Let's take your questions one at a time:
- Is there any method to determine optimal smoothing parameters without testing all of them?
You can cast your problem in a state space framework and then numerically optimize your parameters using standard numerical libraries. Forecasting with Exponential Smoothing - The State Space Approach by Hyndman et al. would be a good place to start.
- Using R.NET to use the forecast package of R will be faster?
Hard to say. I have no experience with R.NET. Using, e.g.,
ets() (which does use a state space approach) in the
forecast package directly will certainly be faster, especially if, as you do, you specify the model rather than letting
ets() find the (hopefully) best one.
If so, should I:
- Use daily or monthly data?
This should really depend on what you want to do with the forecast. What forecast granularity do you really need to make decisions? Sometimes, it is better to forecast higher-frequency data and then aggregate, but usually, I'd rather aggregate the history and forecast on the granularity I plan on using later on.
Plus, daily data will likely be intermittent, in which case you can't use Holt(-Winters) or ARIMA, but should go with Croston's method. This may be helpful. Intermittent demands are usually harder to forecast.
EDIT: you write that you need to determine safety amounts. Well, now you will actually need to think about your supply chain. Maybe forecasting is not your problem at all - if sales are all 0 or 1 and you can replenish stocks within a day, your best strategy would be to always have 1 unit on hand and replenish that after every sale, forgetting entirely about forecasting.
If that is not the case (you write that you have seasonality on an aggregate level), you may need to do something ad-hoc, since I don't think there is anything on seasonal intermittent demand out there. You could aggregate data to get seasonal forecasts, then push those down to the SKU level to get forecasts on that level (e.g., by distributing the aggregate forecasts according to historical proportions), finally get safety amounts by taking quantiles of, e.g., the Poisson distribution. As I said, this is pretty ad-hoc, with little statistical grounding, but it should get you 90% there - and given that forecasting is an inexact science, the last 10% may not be feasible, anyway.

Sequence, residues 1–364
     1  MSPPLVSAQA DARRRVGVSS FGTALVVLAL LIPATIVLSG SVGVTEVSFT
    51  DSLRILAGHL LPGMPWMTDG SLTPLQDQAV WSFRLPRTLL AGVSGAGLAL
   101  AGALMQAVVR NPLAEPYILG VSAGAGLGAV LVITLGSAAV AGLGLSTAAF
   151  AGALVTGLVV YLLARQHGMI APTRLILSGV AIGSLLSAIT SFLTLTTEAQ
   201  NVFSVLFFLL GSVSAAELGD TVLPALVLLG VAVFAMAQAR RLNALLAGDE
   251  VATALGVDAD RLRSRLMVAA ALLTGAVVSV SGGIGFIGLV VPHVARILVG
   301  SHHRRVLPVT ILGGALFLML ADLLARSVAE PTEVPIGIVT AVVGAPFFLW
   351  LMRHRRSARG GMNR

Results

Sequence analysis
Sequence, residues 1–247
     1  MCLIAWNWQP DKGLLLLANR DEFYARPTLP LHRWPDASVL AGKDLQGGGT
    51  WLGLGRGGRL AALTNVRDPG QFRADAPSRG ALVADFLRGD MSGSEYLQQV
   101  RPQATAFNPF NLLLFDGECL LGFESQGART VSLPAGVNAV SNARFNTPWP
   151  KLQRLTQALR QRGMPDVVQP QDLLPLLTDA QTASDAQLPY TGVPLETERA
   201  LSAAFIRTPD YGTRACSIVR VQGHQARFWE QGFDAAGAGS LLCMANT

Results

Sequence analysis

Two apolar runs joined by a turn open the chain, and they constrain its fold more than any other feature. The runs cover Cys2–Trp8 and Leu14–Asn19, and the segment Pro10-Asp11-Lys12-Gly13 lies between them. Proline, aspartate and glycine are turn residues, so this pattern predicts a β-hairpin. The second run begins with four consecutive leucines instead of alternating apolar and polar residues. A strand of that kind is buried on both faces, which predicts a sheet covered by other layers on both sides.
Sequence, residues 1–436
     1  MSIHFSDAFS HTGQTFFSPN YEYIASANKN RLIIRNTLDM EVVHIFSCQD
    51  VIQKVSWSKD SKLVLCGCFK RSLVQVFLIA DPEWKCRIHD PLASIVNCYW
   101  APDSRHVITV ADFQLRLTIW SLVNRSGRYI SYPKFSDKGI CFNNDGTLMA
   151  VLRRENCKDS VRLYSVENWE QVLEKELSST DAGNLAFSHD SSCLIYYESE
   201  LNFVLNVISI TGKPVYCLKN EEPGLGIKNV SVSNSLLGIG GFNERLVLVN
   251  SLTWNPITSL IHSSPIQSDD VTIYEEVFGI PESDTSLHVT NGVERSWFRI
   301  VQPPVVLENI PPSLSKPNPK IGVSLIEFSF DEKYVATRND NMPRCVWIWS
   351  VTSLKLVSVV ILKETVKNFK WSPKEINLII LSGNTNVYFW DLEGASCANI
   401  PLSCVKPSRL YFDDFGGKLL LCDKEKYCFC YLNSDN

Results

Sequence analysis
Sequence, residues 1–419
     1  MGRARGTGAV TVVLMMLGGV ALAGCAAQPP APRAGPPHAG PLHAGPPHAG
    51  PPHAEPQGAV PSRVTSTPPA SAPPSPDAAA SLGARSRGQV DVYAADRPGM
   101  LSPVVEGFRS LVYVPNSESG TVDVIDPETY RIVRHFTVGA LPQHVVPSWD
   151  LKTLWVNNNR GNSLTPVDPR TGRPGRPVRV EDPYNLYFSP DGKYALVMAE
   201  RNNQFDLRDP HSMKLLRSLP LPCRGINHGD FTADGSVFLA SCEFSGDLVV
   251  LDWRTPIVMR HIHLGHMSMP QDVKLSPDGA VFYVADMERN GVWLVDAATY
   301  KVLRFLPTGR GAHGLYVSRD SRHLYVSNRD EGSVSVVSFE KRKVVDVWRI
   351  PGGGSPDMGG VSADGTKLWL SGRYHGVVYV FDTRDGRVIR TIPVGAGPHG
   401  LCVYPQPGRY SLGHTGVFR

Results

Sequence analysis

- Make also an auto.arima? How to determine which model is better?
Yes, try that one, too. Use a holdout sample to determine which model is better, as you describe in your comment, which is very good practice.
Look also at averages of forecasts from different methods - often, such averages yield better forecasts than the component forecasts. EDIT: That is, fit both a Holt-Winters and an
auto.arima model, calculate forecasts from both models, and then, for each time bucket in the future, take the average of the two forecasts from the two models. You can do this with even more models, too - averaging seems to work best if the component models are "very different". Essentially, you are reducing the variance of your forecasts.
- Is my method of backtesting (make a model only with data previous to that point) valid to determine if a model is better than another?
As I wrote above: yes, it is. This is out-of-sample testing, which is really the best way to assess forecast accuracy and method quality.
- EDIT: How can I do that (get predictions over the last 12 data without considering them in the model) in R?
Unfortunately, there is no way to take an
ets()-fitted object and update it with a new data point (as in
lm()-fitted models). You will need to call
ets() twelve times.
You could, of course, fit the first model and then re-use the model
ets() chose in this first fit for subsequent refits. This model is reported in the
components part of the
ets() result. For instance, taking the first five years of the
fit <- ets(ts(USAccDeaths[1:60],start=c(1973,1),frequency=12))
Refit using the same model:
refit <- ets(ts(USAccDeaths[1:61],start=c(1973,1),frequency=12),
This will make refitting quite a lot faster, but of course the refit may not find the MSE-optimal model any more. Then again, the MSE-optimal model should not change too much if you add just a few more observations.
As always, I highly recommend this free online forecasting textbook.